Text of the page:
Also, governmental agencies have enacted management plans to help control the populations and protect habitat. The U.S. Fish and Wildlife Service in conjunction with the Canadian Wildlife Service released a management plan in 2007 to control snow goose populations. Some of the efforts include nest and egg destruction, reproductive inhibitors, and mechanical, biological, and chemical control. The destruction of eggs and nests has little evidence of success in population controls, as geese will often lay additional eggs if the first clutch is destroyed (U.S. Fish and Wildlife Service, 2007). However, reproductive inhibitors such as conjugated linoleic acids have been observed to reduce eggs hatch rates (U.S. Fish and Wildlife Service, 2007). Mechanical control such as shooting and trapping have also been effective in reducing populations. Biological controls such as predators are effective at population control but may have unforeseen impacts on the rest of the habitat. Chemical controls such as poisons in bait are also being used to control snow goose populations but may cause mortality in unintended species (U.S. Fish and Wildlife Service, 2007).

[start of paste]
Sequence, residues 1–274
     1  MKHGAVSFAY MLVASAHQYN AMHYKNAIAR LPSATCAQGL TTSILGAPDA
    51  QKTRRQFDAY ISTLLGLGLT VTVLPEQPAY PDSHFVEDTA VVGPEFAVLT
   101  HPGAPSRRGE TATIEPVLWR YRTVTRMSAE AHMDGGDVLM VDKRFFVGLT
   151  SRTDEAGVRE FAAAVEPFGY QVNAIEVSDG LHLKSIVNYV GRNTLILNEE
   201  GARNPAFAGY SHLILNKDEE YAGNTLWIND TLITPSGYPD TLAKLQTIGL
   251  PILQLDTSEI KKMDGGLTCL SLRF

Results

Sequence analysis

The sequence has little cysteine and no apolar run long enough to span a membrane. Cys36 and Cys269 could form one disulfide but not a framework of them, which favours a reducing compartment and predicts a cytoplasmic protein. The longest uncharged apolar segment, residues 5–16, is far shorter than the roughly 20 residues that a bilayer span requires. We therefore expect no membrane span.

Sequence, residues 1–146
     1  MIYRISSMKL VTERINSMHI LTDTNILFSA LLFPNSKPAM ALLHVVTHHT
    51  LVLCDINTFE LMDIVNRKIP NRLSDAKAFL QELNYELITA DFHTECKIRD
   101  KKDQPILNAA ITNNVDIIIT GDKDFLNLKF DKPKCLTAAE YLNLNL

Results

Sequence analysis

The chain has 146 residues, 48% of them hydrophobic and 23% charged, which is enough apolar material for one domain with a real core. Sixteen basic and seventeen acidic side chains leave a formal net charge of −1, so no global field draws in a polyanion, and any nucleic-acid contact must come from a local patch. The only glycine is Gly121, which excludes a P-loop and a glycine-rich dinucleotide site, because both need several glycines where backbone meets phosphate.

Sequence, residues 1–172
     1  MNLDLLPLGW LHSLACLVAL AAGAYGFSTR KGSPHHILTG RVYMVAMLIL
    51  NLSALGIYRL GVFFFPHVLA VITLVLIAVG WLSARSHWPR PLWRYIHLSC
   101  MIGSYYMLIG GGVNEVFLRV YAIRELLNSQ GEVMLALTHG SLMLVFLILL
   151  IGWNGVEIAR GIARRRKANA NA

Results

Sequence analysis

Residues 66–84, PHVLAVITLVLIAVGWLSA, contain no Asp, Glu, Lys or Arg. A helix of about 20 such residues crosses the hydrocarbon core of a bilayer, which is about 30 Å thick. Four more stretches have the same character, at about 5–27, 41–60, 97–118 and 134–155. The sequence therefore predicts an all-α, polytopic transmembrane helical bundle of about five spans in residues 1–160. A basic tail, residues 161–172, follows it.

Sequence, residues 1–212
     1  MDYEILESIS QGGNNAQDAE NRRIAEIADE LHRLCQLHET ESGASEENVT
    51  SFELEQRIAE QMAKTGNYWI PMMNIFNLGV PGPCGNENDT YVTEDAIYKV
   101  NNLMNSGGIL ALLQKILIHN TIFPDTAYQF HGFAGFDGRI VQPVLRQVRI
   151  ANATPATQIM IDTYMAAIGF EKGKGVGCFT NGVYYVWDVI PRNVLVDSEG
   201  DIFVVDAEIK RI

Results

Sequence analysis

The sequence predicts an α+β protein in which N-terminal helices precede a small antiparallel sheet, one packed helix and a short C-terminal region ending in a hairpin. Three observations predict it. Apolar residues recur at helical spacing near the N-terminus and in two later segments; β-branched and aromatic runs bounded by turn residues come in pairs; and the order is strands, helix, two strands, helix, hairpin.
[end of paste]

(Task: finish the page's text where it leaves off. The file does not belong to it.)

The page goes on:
The Canadian Wildlife Service has made management plans in conjunction with The U.S. Fish and Wildlife Service. Source: USGS

The U.S. Fish and Wildlife Service have made management plans in conjunction with the Canadian Wildlife Service. Source: U.S. Fish and Wildlife Service

The overabundance of snow goose populations is due to climate change and the ability of snow geese to thrive in many conditions, including warmer than average conditions. Snow geese continue to destroy their habitats and cause widespread destruction of the vegetation in the Hudson Bay region. Although management actions have been successful in slowing the growth of these populations, monitoring of these populations is crucial as snow geese can easily take advantage of changing environments and resources, and equilibrium numbers are challenging to maintain.